STA 3064 SAS Project A Overview (15 points for idea discussion + 75 points for the written report = 90 points) Project Description The project provides an opportunity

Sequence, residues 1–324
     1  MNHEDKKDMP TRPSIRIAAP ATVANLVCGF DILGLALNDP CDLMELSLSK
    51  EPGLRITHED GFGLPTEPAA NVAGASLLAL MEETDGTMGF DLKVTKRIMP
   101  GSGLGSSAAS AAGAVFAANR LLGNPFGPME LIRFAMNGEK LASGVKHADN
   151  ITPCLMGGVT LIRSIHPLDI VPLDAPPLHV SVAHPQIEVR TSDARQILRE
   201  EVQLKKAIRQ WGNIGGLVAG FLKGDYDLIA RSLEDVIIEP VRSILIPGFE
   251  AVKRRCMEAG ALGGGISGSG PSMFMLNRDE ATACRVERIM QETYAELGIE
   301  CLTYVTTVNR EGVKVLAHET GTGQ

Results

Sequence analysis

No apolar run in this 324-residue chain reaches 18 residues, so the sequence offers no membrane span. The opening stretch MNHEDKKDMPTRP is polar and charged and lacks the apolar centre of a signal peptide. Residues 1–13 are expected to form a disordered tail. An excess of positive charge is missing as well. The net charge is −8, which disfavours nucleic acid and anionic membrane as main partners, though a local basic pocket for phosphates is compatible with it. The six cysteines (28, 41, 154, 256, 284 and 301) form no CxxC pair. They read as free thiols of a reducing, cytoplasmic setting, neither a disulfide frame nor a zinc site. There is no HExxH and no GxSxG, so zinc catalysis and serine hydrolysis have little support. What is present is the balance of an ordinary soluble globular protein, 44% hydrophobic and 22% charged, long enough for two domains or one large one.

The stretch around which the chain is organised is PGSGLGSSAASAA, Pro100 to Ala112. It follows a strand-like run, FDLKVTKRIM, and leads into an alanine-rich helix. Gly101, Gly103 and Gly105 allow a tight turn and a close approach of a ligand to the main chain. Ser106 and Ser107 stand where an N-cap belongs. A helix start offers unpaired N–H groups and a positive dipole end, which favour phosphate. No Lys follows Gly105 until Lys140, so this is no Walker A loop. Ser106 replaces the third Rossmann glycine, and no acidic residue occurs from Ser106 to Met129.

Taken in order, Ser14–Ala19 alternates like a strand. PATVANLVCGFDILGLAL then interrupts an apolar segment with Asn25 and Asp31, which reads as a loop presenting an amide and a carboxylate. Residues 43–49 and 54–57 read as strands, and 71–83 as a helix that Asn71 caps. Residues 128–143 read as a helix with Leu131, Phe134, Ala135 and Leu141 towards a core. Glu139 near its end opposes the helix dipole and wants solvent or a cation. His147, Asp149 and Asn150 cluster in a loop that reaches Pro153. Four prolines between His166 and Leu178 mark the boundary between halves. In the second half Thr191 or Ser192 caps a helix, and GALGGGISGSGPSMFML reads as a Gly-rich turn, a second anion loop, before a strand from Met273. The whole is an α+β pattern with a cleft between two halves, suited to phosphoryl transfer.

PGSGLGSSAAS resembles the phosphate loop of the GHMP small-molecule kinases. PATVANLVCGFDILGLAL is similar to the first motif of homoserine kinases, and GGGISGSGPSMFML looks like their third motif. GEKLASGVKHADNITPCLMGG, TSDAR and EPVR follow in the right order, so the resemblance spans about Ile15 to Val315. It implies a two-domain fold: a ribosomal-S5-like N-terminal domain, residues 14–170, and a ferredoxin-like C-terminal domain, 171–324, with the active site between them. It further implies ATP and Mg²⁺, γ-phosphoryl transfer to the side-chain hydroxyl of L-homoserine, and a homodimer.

STA 3064 SAS Project A Overview (15 points for idea discussion + 75 points for the written report = 90 points) Project Description The project provides an opportunity for you to collect, analyze, and interpret data using a simple linear regression model. You should find a topic of interest and provide motivation as to why using a statistical model might be important. Next you must locate a source for data related to the topic, input the observations into SAS in an appropriately structured way, summarize the data, analyze the data using appropriate modeling techniques, and provide discussion. Each of these elements will be addressed in a written report. The project will be completed by students individually. Please consider the following when planning for your project: 1. Where possible, data should be read into SAS from its original source (website, database, text, or Excel file). Externally read data is preferred over data lines in SAS. 2. All analyses will be run in SAS. 3. Only relevant code and output needs to be included into your report (less is more). 4. Your project should follow the entire process of describing a real-world problem, translating it into a statistical problem, solving the statistical problem, translating the solution into meaningful, discipline specific findings. 5. Make sure, to the best of your understanding, that the data has not been analyzed before in the way you plan to for your project. Choosing a Study This project will involve finding a topic for which secondary data may be obtained. Finding data can be one of the biggest challenges and can be the most time-intensive part of the project so you should start your search early. Start with topics that you are interested in/passionate about and then scan journals, websites, and other publications related to those topics. Sources of data are readily available on the web. Below are some places to help you start the process: Google data set search at Sports related sources are listed at Raw economic data can be produced through Government maintained data sets can be found at Weather data: Health related data: Social research: Links to public data: If you study does not have readily available data, you may need to change topics to find one that does. The data set you find should have the following characteristics: 1. The data set should have one variable that is a measurable outcome (continuous response variable) that can serve as your response. This variable should represent an outcome to some event or output of a process. 2. The data set should also consist of one predictor variable which is also quantitative (continuous and measurable). This predictor variable should represent an input to some process or event that potentially impacts the response. 3. A good rule-of-thumb is to have at least 10 times the observations (rows) as you have predictor variables in the study. With just one predictor, you should have at least 10 observations. For this study, at least 20 observations are preferred. Of course, if more observations exist, use them! 4. The data should be relevant to some research question of interest. Research questions or objective statements for the study should be formulated in the context of the application